You must prophesy again concerning many peoples and nations and tongues and kings,” a voice tells John (Rev. 10:11). Then someone gives him a “reed like a rod” and instructs him to measure (11:1). Apparently, the reed is the tool he needs to prophesy. Why does a prophet need a reed? How is prophesying like measuring?
Measured things—the bronze altar, the table of showbread, the lampstand and the golden altar, the ark—are holy things. Measured spaces are holy spaces, and measured furniture is holy furniture. Measured people, that is, counted people, are holy people. With a measuring rod, John is called to draw boundaries that mark off holy space.
John’s work seems more suited to a priest. Priests were specialists in sanctity, experts in measuring the holy and profane, distinguishing between the clean and unclean. That’s what John’s prophesying will accomplish. Prophecy, like priestly measuring, is an art of division. John’s prophetic work, like all prophecy, is priestly.
John’s reed is like a “rod.” A rod is not a measuring device, but a symbol of rule. Shepherds use rods (Gen. 30), and Moses’s rod is the instrument of his power in Egypt (cf. Exod. 7). The son installed by Yahweh on his throne bears a rod of iron (Ps. 2), and the shepherd king of Psalm 23 guides his flock with rod and staff. Jesus wields a rod of iron and promises the same authority to victors (Rev. 2:27; 12:5; 19:15).
Priestly measuring is always an exercise in authority. Priests rule by applying Torah’s standards of holiness and purity. Seeing a spot on a man’s arm, a priest judges it “skin disease” or “scab,” and his application of Torah determines the man’s condition in relation to the tabernacle. If the priest pronounces him “unclean,” then unclean he is, and he will remain unclean until he performs the prescribed ritual and the priest declares him clean.
John measures, but the fact that his reed is like a rod indicates that he shares the rule of the royal Son. As John speaks and writes, he rules. As prophet, John is also priest and king.
In his threefold ministry, John follows Jesus’s lead. Jesus was a “measuring” prophet who brought a sword, not peace. Every time he spoke, he attracted some and repelled others. Some heard and believed, some heard and hated. In this way, Jesus reorganized the people of Israel and brought the reign of God. Jesus’s prophetic tongue was a priestly reed and a royal rod.
A preacher isn’t a prophet, a priest, or a king, not exactly. But John’s reed-rod symbolizes the task of preaching. Like John, a preacher speaks the word of God to carry out the priestly task of distinguishing holy and profane. Like John, a preacher is an instrument of Jesus’s rule in the Church and the world.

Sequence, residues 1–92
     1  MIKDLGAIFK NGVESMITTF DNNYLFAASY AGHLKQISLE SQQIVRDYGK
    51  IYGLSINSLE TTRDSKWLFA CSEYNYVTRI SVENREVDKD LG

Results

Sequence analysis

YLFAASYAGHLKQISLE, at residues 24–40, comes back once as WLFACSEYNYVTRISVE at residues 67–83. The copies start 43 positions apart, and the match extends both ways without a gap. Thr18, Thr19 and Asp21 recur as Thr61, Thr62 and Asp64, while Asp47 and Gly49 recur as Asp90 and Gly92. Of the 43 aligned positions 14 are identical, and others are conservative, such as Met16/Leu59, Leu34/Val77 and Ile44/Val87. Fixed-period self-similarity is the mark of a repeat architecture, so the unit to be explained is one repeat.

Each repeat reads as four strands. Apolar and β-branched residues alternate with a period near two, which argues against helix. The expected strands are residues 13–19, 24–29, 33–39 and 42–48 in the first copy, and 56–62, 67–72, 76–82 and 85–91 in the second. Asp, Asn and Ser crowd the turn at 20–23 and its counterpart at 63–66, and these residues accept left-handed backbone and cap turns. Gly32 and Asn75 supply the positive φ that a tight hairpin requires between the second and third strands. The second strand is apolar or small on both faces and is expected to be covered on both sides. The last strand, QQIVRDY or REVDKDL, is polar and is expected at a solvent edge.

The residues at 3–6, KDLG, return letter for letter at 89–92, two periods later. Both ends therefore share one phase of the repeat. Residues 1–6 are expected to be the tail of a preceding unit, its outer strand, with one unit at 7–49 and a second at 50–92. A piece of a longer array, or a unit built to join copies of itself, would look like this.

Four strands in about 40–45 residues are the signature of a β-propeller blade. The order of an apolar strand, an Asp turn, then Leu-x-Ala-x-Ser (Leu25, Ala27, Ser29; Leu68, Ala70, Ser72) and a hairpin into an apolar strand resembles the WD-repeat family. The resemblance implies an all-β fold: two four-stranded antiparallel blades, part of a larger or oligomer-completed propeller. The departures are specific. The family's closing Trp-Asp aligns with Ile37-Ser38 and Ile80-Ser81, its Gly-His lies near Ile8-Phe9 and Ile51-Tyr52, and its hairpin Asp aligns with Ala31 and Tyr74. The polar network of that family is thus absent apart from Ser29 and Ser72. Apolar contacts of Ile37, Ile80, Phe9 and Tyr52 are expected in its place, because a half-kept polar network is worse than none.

Preachers need to speak with the sharp straightness of a yardstick. Some will hear and obey, submitting to the authority of Christ. Others will hear and resist, and so place themselves outside God’s holy people. Only when God’s Word is eaten, inwardly digested, and spoken do boundaries become clear. Preaching is, necessarily, an art of division.
Failures in preaching lead to chaos. If there are not clear lines, it is because the word is not being faithfully prophesied, because those who have received the reed do not measure straight lines. The Church’s murky confusions—about money, about sexuality, about politics—result from negligence of prophetic topography, and the world’s confusions are a natural product of the Church’s. We’ve been handed a reed-rod, but we’re reluctant to use it.
Preachers don’t merely measure. First and foremost, preachers are among the measured. If the Word is a sword, it first of all divides those who dare speak it. The Apocalypse is itself the reed like a rod, the written product of John’s prophesying. That book performs the priestly work of distinguishing between the holy and the profane. Through the reed that is Revelation, the Spirit of Jesus still measures us; through the rod that is Revelation, Jesus the Shepherd rules.
“Commentary” on this book is fundamentally backward, involving an arrogant claim to measure the measuring rod. Preachers must speak back to the words spoken but always be mindful that the book measures the reader, not the reader the book; mindful that we never master the book written to master us.
Peter J. Leithart is President of Theopolis Institute. This essay is adapted from volume 1 of Leithart's International Theological Commentary on Revelation, forthcoming from T&T Clark.